A new class of lignin monomers
Lignin polymers derived in part from a previously unconsidered class of lignin monomers, the hydroxystilbenes.
Recent discoveries indicate that lignification is a flexible mechanism and that plants are capable of using a variety of phenolic compounds for the formation of lignin polymers. In this study, we report the occurrence of a new class of polyphenolic compounds – hydroxystilbenes – the second such class arising from outside the monolignol biosynthetic pathway, in the lignins of palm fruit endocarps.
Lignin is a plant cell polymer that binds fibers together but makes processing difficult. Incorporating nonconventional monomers, or monomers not usually present in the lignin of other plants, has the potential to produce an entirely new generation of modified lignin polymers, opening up new ways to engineer the lignin structure to produce polymers and plant-based biomaterials with properties that enable processing and/or valorization.
Lignin is traditionally formed from three monomers, the so-called monolignols (p-coumaryl, coniferyl, and sinapyl alcohols). Recently, we discovered in grass lignins a phenolic monomer that falls outside the canonical lignin biosynthetic pathway, the flavone tricin. As we show here, palm fruit (macaúba [Acrocomia aculeata], carnauba [Copernicia prunifera], and coconut [Cocos nucifera]) endocarps contain lignin polymers derived in part from a previously unconsidered class of lignin monomers, the hydroxystilbenes, including the valuable compounds piceatannol and resveratrol. Piceatannol could be released from these lignins upon derivatization followed by reductive cleavage, a degradative method that cleaves β-ether bonds, indicating that at least a fraction is incorporated through labile ether bonds. Nuclear magnetic resonance spectroscopy of products from the copolymerization of piceatannol and monolignols confirms the structures in the natural polymer and demonstrates that piceatannol acts as an authentic monomer participating in coupling and cross-coupling reactions during lignification. Therefore, palm fruit endocarps contain a new class of stilbenolignin polymers, further expanding the definition of lignin and implying that valuable compounds such as piceatannol and resveratrol are potentially available in what is now essentially a waste product.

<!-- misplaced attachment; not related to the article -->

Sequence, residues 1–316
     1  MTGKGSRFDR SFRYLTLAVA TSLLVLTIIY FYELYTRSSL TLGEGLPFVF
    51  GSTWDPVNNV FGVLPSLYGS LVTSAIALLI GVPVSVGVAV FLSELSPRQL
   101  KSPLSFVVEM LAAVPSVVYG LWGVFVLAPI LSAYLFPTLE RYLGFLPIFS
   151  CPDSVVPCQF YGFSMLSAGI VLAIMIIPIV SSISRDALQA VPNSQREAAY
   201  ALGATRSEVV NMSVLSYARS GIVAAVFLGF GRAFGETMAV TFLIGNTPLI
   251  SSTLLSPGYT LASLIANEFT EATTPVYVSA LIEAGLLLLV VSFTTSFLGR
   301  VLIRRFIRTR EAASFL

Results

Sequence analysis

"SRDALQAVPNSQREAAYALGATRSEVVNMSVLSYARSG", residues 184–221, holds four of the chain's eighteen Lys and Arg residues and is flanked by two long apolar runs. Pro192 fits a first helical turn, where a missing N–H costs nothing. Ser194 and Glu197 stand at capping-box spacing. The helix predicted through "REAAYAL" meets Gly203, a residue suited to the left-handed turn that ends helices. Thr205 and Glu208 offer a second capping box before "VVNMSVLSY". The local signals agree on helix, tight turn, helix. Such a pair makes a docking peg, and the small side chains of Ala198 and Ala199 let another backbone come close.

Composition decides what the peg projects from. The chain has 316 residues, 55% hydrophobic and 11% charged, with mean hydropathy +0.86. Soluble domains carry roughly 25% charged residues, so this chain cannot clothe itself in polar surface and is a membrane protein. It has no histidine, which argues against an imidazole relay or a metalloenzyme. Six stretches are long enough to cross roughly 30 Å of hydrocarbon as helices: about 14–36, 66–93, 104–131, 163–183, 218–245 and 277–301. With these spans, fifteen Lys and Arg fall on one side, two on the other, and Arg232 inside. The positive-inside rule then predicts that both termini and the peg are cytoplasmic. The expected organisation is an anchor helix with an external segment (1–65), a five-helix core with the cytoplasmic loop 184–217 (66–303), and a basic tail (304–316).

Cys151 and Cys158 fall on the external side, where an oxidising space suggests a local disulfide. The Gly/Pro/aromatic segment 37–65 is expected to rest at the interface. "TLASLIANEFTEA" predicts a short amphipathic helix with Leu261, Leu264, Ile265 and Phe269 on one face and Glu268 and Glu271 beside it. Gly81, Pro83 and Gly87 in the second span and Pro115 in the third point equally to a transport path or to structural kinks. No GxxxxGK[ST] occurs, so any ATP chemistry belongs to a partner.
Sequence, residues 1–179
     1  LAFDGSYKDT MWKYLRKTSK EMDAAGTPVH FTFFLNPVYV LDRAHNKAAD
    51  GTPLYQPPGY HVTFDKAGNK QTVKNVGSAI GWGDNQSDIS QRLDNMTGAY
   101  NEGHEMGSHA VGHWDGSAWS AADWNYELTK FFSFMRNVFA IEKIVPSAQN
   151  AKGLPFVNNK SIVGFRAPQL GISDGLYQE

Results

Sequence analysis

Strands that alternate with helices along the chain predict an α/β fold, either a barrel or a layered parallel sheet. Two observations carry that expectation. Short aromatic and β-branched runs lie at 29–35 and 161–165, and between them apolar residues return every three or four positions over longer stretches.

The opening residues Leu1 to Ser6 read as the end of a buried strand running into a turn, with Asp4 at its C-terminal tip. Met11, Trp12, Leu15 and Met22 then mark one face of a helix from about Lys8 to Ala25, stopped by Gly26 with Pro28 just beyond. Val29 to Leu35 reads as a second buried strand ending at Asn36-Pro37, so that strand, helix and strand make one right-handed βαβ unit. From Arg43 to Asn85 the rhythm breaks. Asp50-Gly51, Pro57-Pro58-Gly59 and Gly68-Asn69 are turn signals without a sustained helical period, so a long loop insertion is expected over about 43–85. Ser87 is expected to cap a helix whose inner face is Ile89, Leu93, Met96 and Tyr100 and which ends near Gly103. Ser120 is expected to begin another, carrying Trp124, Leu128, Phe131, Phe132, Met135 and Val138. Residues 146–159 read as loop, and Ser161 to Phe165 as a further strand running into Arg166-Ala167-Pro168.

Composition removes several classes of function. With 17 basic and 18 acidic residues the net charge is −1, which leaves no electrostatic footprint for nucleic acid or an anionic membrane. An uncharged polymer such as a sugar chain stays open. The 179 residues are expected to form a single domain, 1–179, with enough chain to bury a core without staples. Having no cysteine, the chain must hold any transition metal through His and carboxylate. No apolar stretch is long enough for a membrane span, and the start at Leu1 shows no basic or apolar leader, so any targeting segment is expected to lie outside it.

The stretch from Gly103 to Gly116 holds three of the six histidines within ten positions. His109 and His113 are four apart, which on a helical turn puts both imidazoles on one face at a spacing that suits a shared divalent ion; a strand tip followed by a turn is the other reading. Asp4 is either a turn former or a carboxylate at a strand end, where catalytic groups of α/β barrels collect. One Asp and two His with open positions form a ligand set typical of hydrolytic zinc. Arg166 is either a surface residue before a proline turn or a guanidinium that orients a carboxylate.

Contacts (BER PM)
N. Kent Peters
Program Manager, Office of Biological and Environmental Research
University of Wisconsin - Madison
This work was supported by Spanish projects AGL2014-53730-R and CTQ2014-60764-JIN, the CSIC Project 2014-40E-097, and the DOE Great Lakes Bioenergy Research Center (DOE BER Office of Science DE-FC02-07ER64494).
del Rio, J. C. et al. “Hydroxystilbenes are monomers in palm fruit endocarp lignins.” Plant Physiology 174, 2072-2082 (2017) [DOI: 10.1104/pp.17.00362].